Students who add and multiply with the numbers in the ‘wrong’ order are getting their answers marked as incorrect? Japanese net users weigh in.

If you’re an educator or the parent of a school-aged child, at some point or other you’ve probably run into a situation which made you think, “Why the heck does it have to be taught this way when another way makes just as much, if not more, sense?”

Take mathematics education in the United States, for example. The past few years have seen a number of changes in U.S. states adopting a standardized set of “Common Core State Standards” which not only specify what a student should be able to do by the end of a grade level, but often also specify exactly how a student should be taught that information. While there are a number of proponents for a national set of standardized educational guidelines, there seem to be an increasing number of dissenting opinions from those teachers, parents, and students who are saying that there’s no more freedom in education.

It seems a similar issue has also come to light among Japanese citizens, as we recently stumbled across a series of online posts debating the practicality of marking basic addition and subtraction problems as wrong if they’re not performed in a very specific way.

Below, we’ve highlighted some of the most significant posts in the series:

“Here’s an example of getting an addition/multiplication question wrong because of simply writing the numbers in the ‘wrong’ order. This student wrote ‘9 + 5’ but the teacher marked it as incorrect because there were originally five cars and an additional nine came after that, so the correct answer should be ‘5 + 9.’ I don’t agree with that at all, but I suppose it’s futile to complain.”

@nihonnouen: “There must be a regulation among teachers to teach it like this. For example, even if the teachers themselves don’t want to teach math using that method, they’re forced to teach it in a certain way due national curriculum guidelines, and they can’t do anything if students complain. It’s really unfortunate.”

@sekibunnteisuu [reply]: “It’s not like there’s a specific clause in the Japanese national curriculum that says ‘You need to teach it this way.’ However, that’s not to say that teachers have complete individual freedom in what they teach; powerful figures in the world of math education often endorse ridiculous methods of teaching.”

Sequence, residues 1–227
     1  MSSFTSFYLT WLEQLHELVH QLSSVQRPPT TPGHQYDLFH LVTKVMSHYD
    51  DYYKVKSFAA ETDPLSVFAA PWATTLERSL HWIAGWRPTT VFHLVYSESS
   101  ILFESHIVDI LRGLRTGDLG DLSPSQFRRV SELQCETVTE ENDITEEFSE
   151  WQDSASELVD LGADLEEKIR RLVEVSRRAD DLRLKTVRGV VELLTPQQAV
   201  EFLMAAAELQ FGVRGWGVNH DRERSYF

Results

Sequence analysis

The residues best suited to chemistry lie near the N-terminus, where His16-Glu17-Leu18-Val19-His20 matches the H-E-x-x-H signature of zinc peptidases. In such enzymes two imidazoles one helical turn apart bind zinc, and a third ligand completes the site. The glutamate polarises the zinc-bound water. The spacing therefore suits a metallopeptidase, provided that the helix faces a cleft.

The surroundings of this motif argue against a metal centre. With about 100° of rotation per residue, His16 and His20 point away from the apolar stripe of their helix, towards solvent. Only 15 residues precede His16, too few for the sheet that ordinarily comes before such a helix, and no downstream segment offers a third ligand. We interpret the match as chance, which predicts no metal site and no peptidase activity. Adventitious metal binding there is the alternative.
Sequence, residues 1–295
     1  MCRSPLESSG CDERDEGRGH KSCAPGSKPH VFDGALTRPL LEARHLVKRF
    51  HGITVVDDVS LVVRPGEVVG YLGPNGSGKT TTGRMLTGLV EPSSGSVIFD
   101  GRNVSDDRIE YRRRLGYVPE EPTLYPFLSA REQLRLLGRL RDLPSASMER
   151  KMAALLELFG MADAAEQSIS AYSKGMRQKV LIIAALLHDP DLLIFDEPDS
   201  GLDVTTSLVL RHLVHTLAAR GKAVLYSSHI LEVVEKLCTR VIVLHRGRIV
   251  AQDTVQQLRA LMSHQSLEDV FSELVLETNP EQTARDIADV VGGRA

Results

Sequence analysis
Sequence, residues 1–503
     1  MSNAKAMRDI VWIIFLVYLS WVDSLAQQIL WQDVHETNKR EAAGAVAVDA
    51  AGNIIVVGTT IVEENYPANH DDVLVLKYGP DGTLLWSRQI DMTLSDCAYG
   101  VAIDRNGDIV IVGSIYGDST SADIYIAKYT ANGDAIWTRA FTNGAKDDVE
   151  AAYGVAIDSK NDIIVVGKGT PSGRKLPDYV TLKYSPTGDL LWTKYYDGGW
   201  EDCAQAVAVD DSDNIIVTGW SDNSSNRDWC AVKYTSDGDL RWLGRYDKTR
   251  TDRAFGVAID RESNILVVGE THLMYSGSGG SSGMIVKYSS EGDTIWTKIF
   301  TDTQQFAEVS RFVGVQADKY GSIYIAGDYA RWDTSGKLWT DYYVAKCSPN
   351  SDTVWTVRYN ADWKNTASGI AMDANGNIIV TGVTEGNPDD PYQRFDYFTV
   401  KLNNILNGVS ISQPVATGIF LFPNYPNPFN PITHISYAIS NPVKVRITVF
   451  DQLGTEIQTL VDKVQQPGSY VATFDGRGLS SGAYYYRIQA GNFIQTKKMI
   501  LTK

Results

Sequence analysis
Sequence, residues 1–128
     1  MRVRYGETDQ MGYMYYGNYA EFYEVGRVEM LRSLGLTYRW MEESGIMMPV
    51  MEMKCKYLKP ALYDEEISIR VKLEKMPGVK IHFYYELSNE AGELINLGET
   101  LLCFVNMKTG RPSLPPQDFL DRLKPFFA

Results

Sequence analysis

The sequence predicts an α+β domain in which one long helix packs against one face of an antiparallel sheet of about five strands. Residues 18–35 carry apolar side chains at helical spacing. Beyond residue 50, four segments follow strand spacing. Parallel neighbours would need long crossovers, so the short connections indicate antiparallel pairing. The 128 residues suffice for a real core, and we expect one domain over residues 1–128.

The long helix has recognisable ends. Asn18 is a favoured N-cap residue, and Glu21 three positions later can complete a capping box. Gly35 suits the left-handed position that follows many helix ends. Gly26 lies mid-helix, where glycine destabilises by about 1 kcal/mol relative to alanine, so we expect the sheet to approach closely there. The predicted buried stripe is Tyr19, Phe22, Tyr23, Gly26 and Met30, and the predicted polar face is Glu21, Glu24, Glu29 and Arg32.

“This was the procedure of doing addition that was taught in an elementary first-year school textbook published by the government.

Picture: Please match the blue dot of each equation to the corresponding red dot of each picture.

Problem [fill in the blank]: ‘There are five children, then three more join them. There are now eight children (___).’

My daughter wrote ‘in total,’ but it was marked as wrong. Apparently the correct answer was ‘altogether.'”

(Translator’s note: The student wrote awasete in Japanese, but the correct answer was deemed to be zenbu de. Like the English terms “in total” and “altogether,” technically either of these answers could go in the blank, but only one of them was considered to be the “proper” answer.)

In response to the above scenarios, Japanese net users responded with either shrugs or incredulity:

“Eh, this sort of thing has been going on for the past 15 years.”

“Um, that shouldn’t be a mistake…right?”

“Who’s the idiot who decided this?”

“I don’t get what’s so wrong about what this teacher is doing. ”

“This is why kids come to hate studying.”

Have you encountered a similar situation in the educational system where you live? Let us know in the comments section below!

Source: My Game News Flash
Featured image: Twitter/@sekibunnteisuu